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Tasco Telescope in Wooden Crate

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#26 wdretired

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Posted 22 November 2012 - 10:36 AM

Thank you for the information. I sure will look for that thread. Some wanted to see the box the telescope came in so I'm putting up a photo of it. What are the two blocks of wood with the felt on the edges? It's got me scratching my head.

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#27 wdretired

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Posted 22 November 2012 - 10:40 AM

I would like to know what the flat black metal thing is here that has a thumb screw in it. Does this belong with the telescope? The hole is almost the size of the shaft holding the balance weight.

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#28 Larrythebrewer

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Posted 22 November 2012 - 01:01 PM

That's for solar projection viewing, it attaches to that part in your box that looks like a lollipop & that in turn attaches to the draw tube

I agree with Albert about yours being the rarer model, & more of your focuser should slide out, where it meets the white optical tube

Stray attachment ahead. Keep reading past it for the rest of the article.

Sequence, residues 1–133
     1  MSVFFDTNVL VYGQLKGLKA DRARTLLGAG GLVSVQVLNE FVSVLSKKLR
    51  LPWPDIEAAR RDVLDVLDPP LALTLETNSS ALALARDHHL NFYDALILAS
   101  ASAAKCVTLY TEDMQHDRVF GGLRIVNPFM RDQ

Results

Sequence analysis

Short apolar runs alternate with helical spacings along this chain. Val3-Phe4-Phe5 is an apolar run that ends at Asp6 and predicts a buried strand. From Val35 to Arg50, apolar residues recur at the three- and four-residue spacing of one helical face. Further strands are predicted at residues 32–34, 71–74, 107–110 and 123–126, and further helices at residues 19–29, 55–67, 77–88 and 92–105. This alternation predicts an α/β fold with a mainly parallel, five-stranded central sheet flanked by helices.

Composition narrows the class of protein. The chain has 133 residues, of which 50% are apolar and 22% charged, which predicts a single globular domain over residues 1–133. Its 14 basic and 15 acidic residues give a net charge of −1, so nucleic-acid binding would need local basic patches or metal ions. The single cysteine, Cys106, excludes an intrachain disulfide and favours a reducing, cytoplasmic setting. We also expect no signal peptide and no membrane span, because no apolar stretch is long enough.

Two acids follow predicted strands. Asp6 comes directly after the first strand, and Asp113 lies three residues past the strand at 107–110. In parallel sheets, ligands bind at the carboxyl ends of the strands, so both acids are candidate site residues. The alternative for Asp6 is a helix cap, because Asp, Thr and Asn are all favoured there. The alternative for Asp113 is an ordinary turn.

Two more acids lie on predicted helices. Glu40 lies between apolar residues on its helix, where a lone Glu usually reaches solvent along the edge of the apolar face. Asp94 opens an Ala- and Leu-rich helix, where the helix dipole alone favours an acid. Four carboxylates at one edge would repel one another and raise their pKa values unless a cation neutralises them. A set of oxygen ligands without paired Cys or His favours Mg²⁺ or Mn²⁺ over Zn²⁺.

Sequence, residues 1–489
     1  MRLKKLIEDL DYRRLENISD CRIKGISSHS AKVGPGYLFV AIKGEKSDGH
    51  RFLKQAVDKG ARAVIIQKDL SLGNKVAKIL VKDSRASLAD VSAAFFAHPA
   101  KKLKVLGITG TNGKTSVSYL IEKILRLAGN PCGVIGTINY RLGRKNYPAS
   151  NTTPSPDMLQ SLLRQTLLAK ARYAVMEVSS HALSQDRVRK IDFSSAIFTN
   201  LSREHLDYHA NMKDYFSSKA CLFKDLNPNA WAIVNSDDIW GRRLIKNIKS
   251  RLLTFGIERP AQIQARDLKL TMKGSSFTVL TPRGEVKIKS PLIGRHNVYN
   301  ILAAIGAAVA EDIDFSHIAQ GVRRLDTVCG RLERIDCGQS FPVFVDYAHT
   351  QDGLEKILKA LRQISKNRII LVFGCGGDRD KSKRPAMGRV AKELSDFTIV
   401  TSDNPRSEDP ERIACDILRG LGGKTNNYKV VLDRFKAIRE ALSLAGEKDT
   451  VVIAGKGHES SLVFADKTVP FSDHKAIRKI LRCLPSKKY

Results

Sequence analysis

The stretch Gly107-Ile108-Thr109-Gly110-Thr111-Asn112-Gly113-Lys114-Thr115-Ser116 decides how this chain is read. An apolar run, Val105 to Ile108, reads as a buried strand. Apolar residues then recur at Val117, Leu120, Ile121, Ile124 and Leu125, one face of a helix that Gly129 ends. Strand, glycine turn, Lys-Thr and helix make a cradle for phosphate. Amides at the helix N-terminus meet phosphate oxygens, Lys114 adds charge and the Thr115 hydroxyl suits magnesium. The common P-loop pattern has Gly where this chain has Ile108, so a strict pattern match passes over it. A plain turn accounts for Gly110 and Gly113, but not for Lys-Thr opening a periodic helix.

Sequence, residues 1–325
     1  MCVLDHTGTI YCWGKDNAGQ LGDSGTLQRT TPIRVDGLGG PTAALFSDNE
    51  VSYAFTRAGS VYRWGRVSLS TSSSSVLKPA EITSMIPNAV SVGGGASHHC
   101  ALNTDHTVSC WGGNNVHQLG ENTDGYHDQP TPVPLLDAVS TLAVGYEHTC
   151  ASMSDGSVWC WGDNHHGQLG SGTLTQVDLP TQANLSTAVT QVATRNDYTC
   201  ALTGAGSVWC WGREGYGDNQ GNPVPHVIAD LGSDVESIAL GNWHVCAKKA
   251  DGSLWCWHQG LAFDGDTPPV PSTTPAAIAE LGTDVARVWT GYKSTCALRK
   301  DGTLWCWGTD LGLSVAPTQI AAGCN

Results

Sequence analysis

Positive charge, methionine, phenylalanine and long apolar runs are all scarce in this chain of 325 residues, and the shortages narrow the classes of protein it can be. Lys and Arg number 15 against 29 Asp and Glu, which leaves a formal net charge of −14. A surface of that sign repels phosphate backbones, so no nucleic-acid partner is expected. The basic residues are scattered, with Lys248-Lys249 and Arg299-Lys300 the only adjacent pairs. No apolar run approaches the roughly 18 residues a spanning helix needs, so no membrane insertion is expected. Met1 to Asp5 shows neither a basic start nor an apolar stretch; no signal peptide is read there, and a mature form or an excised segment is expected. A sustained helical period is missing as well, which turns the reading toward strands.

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#29 wdretired

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Posted 22 November 2012 - 07:01 PM

Solar Projection Viewing . . . I guess I have some learning to do before I get into that. I took a picture of the slide out tube I think you were talking about. I slid it all the way out and I still could not get it to focus. At this point I can't help but believe that maybe the eye pieces aren't all there. I took a photo of two little metal/glass barrels (above photo). Are they suppose to be screwed into the eye piece? I've tried screwing them in one of the eye piece (and it seems to fit) but I'm just guessing. Can you tell me what size eye piece I have? I think I'll just order a new one and start from scratch if I can find the correct size. What power (mm) should I get for viewing the moon?